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Press Release

Atlanta couple indicted for millions in Economic Impact Disaster Loan Program fraud

For Immediate Release
U.S. Attorney's Office, Northern District of Georgia

ATLANTA - Paul Kwak and Michelle Kwak have been indicted on charges arising out of a scheme to defraud the U.S. Small Business Administration by filing fraudulent applications in the Economic Impact Disaster Loan (“EIDL”) Program. Congress created EIDL as part of the Coronavirus Aid, Relief, and Economic Security (“CARES”) Act to help businesses weather the economic impact of the coronavirus pandemic. 

“Fraudulent applications divert the limited pool of funds Congress allocated for pandemic relief from legitimate businesses in need of assistance,” said Acting U.S. Attorney Kurt R. Erskine.  “By defrauding the Small Business Administration, the defendants harmed hardworking business owners whom the CARES Act was intended to help.”

“This alleged fraud is especially concerning because it takes advantage of a federal program set up to assist legitimate small businesses who need assistance to survive during a pandemic,” said Chris Hacker, Special Agent in Charge of FBI Atlanta. “The FBI is especially vigilant of such abuse and are making it a priority to make sure government assistance goes only to those who deserve it.”

“Lying to gain access to economic stimulus funds will be met with justice,” SBA OIG’s Eastern Region Special Agent in Charge Amaleka McCall-Brathwaite. “SBA OIG will relentlessly pursue evidence of fraud against SBA’s programs aimed at assisting the nation’s small businesses struggling with the pandemic challenges. I want to thank the U.S. Attorney’s Office for its leadership and dedication to pursuing justice.”

According to Acting U.S. Attorney Erskine, the indictment, and other information presented in court: Paul Kwak and Michelle Kwak conspired to submit fraudulent EIDL applications in the names of shell companies that had no employees and conducted no business activities, to the tune of millions of dollars. An EIDL application must provide, among other information, the amount of revenue the business generated in the 12 months prior to the application and the number of employees. The applicant must certify, under penalty of perjury, that the information is correct and that he or she is legally eligible to apply for an EIDL. The Kwaks are allegedly connected to over 70 fraudulent EIDL applications, of which about half were successful, resulting in over $4 million in fraudulent loans.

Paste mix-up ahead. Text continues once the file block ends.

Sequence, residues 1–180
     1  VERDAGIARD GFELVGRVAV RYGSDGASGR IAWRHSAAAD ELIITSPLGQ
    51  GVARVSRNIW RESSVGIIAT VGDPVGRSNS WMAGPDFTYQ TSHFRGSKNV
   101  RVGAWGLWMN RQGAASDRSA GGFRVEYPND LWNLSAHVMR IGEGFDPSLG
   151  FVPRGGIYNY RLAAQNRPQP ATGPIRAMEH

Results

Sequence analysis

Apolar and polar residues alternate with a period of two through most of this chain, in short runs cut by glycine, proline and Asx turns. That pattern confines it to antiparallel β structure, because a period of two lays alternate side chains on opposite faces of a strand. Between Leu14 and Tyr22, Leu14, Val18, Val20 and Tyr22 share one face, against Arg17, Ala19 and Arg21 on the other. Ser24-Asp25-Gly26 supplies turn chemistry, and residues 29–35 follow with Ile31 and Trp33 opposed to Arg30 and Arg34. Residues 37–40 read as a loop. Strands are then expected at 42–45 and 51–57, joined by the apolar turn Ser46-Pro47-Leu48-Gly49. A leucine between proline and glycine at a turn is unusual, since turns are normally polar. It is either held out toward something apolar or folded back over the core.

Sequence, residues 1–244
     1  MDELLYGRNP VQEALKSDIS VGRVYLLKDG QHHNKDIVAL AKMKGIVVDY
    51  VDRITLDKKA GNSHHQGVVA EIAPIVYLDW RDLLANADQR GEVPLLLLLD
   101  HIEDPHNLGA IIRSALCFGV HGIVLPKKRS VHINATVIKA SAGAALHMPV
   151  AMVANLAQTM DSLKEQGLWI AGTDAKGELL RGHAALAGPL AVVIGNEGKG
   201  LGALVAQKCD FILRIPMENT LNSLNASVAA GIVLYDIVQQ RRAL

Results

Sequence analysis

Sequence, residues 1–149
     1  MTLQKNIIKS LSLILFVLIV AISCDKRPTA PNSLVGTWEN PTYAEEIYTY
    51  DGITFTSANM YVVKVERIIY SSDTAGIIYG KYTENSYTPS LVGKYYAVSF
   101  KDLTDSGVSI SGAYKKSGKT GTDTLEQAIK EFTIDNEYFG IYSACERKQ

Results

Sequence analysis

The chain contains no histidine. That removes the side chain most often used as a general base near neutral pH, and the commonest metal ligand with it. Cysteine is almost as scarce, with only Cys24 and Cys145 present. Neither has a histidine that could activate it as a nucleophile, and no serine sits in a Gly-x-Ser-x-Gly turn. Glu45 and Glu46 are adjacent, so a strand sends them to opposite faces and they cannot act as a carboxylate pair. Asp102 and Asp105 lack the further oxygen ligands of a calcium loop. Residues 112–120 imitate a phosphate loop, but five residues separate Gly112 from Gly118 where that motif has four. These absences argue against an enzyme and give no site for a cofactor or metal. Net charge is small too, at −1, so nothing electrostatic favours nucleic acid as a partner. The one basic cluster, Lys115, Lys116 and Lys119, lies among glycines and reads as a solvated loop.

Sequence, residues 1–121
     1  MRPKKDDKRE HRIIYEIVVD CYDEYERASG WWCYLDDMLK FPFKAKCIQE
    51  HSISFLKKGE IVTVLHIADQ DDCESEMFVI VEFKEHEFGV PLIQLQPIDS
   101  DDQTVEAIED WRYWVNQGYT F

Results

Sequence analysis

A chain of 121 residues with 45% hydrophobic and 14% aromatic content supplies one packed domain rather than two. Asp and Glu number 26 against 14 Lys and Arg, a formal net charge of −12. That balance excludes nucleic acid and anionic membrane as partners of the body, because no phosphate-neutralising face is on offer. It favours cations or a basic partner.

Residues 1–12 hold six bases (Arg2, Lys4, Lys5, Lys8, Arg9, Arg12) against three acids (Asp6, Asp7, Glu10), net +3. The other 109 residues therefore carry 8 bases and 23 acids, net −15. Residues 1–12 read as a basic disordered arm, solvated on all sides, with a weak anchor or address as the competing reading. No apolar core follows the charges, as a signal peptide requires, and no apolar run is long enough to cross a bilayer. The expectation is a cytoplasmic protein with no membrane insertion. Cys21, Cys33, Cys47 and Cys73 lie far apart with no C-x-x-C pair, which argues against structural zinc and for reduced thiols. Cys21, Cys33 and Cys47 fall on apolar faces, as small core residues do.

Further, Paul Kwak has posted related videos on his YouTube channel. In a May 2020 video titled “EIDL, disaster assistance you don’t have to pay back” in Korean, Kwak explained that applicants can receive tens of thousands of dollars in assistance without collateral or a co-signor, using only the applicant’s electronic signature. One of his clients, according to Kwak, had recently received $150,000 in EIDL proceeds.

Paul Kwak, 63, and Michelle Kwak, 60, both of Braselton, Georgia, were indicted by a federal grand jury on May 18, 2021.  Members of the public are reminded that the indictment only contains charges.  The defendant is presumed innocent of the charges and it will be the government’s burden to prove the defendant’s guilt beyond a reasonable doubt at trial.

This case is being investigated by the Federal Bureau of Investigation.

Assistant U.S. Attorney Michael S. Qin is prosecuting the case.

For further information please contact the U.S. Attorney’s Public Affairs Office at or (404) 581-6016.  The Internet address for the U.S. Attorney’s Office for the Northern District of Georgia is

Updated May 20, 2021

Financial Fraud